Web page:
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U.S. NOAA proposes new vessel speed regulation to protect North Atlantic right whales

The U.S. National Oceanic & Atmospheric Administration Fisheries has announced proposed changes to vessel speed regulations to further protect North Atlantic right whales from death and serious injuries resulting from collisions — part of a multifaceted approach to stabilize and recover this endangered population. The changes would expand the current mandatory seasonal speed restrictions of 10 knots or less in designated areas of the ocean and extend to most vessels measuring 35 to 65 feet in length. 

In addition, the agency is releasing a draft “roadmap” for public comment about on-demand, or “ropeless” fishing gear, that outlines possible ways to increase the use of this technology in commercial fisheries off the East Coast of the United States. The draft roadmap leverages lessons from fisheries using on-demand gear that are emerging around the world.

“These two efforts are part of our North Atlantic Right Whale Road to Recovery, a strategy that encapsulates all of our ongoing work across the agency and in collaboration with our partners and stakeholders to conserve and rebuild the North Atlantic right whale population,” said Janet Coit, assistant administrator for NOAA Fisheries and acting assistant secretary of commerce for oceans and atmosphere at NOAA. “Despite the many challenges we face, including climate change, we must find solutions to mitigate the threats to marine mammals while supporting the livelihoods and economies of our fishing communities who put healthy food on our tables.”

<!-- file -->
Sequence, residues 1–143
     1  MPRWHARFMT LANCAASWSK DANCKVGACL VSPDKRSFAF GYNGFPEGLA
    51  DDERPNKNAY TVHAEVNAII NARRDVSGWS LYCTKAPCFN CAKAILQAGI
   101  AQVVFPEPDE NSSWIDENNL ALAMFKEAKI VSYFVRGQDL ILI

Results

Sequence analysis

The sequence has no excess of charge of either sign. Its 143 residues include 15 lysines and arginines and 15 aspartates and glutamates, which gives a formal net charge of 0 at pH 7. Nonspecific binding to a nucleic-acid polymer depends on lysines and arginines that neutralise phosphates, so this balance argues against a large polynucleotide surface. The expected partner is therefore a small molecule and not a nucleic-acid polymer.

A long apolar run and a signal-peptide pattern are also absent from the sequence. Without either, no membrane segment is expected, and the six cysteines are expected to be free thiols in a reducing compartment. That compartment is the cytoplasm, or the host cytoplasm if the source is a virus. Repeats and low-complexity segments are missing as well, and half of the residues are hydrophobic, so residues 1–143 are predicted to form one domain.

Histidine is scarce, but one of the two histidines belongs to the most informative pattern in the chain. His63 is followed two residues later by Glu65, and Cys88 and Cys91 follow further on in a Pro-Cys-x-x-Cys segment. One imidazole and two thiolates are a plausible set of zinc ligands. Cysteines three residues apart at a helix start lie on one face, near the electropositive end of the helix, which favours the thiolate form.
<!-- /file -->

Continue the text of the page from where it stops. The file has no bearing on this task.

For decades, vessel strikes and entanglements in fishing gear have been the two primary causes of right whale injury and death. Researchers found that between 2003 and 2018, in cases where a cause of death could be determined, all juvenile and adult right whale deaths were attributable to human activities. Beyond the first year of life, right whales are not living long enough to die of natural causes. Scientists declared an “Unusual Mortality Event” for North Atlantic right whales in 2017, which is defined as a significant die-off of a marine mammal population, requiring immediate response. In just the last two and a half years, at least four vessel strikes have killed or seriously injured North Atlantic right whales in U.S. waters.

The proposed vessel speed changes would incorporate additional vessels 35 to 65 feet in length and broaden the spatial boundaries and timing of the seasonal speed restriction areas along the East Coast of the United States. Vessels less than 65 feet in length account for five of the 12 documented lethal strike events in U.S. waters since the first speed rule went into effect in 2008, demonstrating the significant risk this vessel size class presents and the need to extend the speed restrictions to include smaller vessels. 

The draft “ropeless roadmap” identifies the status and remaining research and technology needs for on-demand fishing gear, and includes considerations of the economic, safety, operational, regulatory and enforcement challenges and opportunities related to implementing on-demand fishing. On-demand systems provide an alternative to seasonal fishery closures that are used to substantially reduce the risk of marine animal entanglement in fixed gear trap/pot fisheries. These fisheries typically use rope to connect surface buoys to gear on the ocean floor so it can be retrieved.

The North Atlantic right whale is one of the world’s most endangered large whale species. The latest preliminary estimates suggest there are fewer than 350 remaining, with less than 100 reproductively active females.

(Photo Nick Hawkins. Oceana.Ca)

 

 

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